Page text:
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already providing. if they did that 5% increase over four years, nationally we would reach college affordability for those low-income students. now, that's not the case in every state. >> it is something to think about. david tanberg, thank you. thanks for joining us tonight. >> t the strong dollar gives brown-forman a hangover. that's where we begin tonight's market focus. profit and revenue spell at the spirits company, both missing analysts' targets. despite the miss, the distiller noted demand was strong for jack daniels whiskey. brown-forman shares were off 3% to $50.70. sales rose more than expected at home retailer "at home." earnings saw gains and matched
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estimates. the company also raised its revenue guidance for fiscal 2018. shares took off, rose more than 21% to $22.53. biopharmaceutical company advi said it saw promising results for its experimental rheumatoid arthritis drug in a clinical trial. the treatment is intended for patients with moderate to severe forms of the disease who have not responded enough to certain drugs. advi shares were up 1%. navistar reported a wider than expected loss as weaker truck sales were a drag on those results overall. revenue was lower, but it was still good enough to top expectations. and the company acknowledged it does have some improvements to make. but it expects industry conditions to improve in the second half of this year. after all that, shares fell by 1% to $29.64.
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unitedhealth group hyped its quarterly dividend. the yield on that stock now is 1.7%. shares gained 1% following the news to $183.21. and after the bell, tailored brands posted profits that topped street forecasts but revenue came up short. the owner of men's warehouse and joseph e. bank affirmed earnings this year. shares ended the regular session up more than 5% to $11.22. coming up, what's worrying the job creators of america. small business owners will tell us, next.
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here's a look at what to watch for tomorrow. as we reported, former fbi director james comey will testify before congress as part of the investigation into russia. voters will head to the polls in great britain to select their prime minister. members of the central european bank will meet to discuss monetary policy. that's what to watch for on a thursday. >> could it be any busier tomorrow? goldman sachs' consumer arm is raising rates on customer deposits, making them the highest-paying bank. the firm is trying to increase its deposit base and attract main street clients. the average rate for savings accounts is not a whole lot, currently .06%. small business owners are considered the backbone of the economy. according to the small business administration, this group has provided about two-thirds of all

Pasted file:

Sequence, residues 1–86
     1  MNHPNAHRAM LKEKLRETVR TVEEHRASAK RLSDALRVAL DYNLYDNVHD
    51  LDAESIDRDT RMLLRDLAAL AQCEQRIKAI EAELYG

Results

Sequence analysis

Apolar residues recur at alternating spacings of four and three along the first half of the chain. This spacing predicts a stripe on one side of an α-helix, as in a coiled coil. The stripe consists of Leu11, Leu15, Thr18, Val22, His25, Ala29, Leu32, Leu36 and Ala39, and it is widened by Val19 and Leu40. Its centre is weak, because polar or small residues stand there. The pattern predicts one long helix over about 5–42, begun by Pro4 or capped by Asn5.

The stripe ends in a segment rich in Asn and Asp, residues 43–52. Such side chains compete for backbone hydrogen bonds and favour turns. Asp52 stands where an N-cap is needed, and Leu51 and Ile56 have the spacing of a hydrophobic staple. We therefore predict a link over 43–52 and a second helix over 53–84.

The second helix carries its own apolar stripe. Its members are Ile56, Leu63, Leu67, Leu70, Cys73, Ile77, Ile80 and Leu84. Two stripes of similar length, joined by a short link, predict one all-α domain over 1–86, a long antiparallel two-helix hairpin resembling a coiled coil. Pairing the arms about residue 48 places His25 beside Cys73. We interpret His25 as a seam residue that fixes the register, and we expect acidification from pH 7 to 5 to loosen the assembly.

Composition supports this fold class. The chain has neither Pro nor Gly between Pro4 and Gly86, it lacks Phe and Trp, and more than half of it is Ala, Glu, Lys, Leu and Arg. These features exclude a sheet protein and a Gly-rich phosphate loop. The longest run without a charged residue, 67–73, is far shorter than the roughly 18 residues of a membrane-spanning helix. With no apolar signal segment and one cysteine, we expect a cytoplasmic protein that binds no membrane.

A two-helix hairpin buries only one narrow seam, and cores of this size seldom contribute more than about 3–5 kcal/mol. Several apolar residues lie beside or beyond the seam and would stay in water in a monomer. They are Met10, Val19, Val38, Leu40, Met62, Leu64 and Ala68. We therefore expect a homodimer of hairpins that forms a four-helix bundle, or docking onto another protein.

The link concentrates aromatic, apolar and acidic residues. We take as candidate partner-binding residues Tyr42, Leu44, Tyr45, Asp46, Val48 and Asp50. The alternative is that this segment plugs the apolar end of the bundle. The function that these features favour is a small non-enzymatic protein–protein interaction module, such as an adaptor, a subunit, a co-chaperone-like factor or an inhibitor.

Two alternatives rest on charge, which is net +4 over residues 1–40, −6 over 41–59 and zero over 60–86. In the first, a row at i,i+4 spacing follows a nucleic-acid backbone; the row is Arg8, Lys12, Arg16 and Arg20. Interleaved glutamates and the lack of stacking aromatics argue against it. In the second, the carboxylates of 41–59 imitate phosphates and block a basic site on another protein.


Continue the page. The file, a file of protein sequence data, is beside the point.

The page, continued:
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new jobs since the 1970s. and today, innovators and entrepreneurs are in new york talking about the current state of business. kate rogers was there. >> reporter: entrepreneurs from around the country gathered in new york city wednesday for cnbc and inc. magazine's iconic tour 2017. the topic at hand, how to grow your business, find the right people, and thrive. in fact, one industry veteran dropped an important reminder. it's never too late to get started. >> i'm 66. and i don't think there is any age limit to entrepreneurship. i think in fact when you're older, as i am, it's just a great time to launch something new. and that is one of the sort of motivations for me. if i'm going to do it, i have to do it now. >> reporter: with small business optimism at historically high levels post-election, some small business owners in attendance
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said they were feeling confident in their business prospects and the economy under president trump. >> i'm absolutely optimistic. i'm making sure people are more efficient and just good at what they do. it's so important right now that in spite of some of the things that are going on politically, it's so important for our organization. >> as long as you're in an affordable price range and it's not a luxury item, people are looking for something that's fun and unique. >> reporter: others are worried about changes that the administration may bring. >> i want there not to be an immigration ban, primarily because when companies are started, they're started by everybody. and, you know, that creates business for the marketing services industry. >> reporter: some, like cole, whose business is rooted in the arts, are hopeful that political headwinds will bring people together. >> when you have so many polarizing topics that exist right now in the world, it's the
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most cathartic thing to do, to continue to create and share your opinions and perspectives. as unfortunate as it may be in the political space, i think it's actually great for community and self expression. >> reporter: for "nightly business report," i'm kate rogers in new york city. that is "nightly business report" for tonight. i'm sue herera. we want to remind you, this is the time of year your public television stations seek your support. >> i'm bill griffeth. we thank you for your support. have a great evening, everybody. we'll see you tomorrow.
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>> this is bbc "world news america." >> funding of this presentation is made possible by the freeman foundation and kovler foundation, pursuing solutions for america's neglected needs. >> planning a vacation escape that is relaxing, inviting, and exciting is a lot easier than you think. you can find it here in aruba. families, couples, and friends can all find their escape on the island with warm sunny days,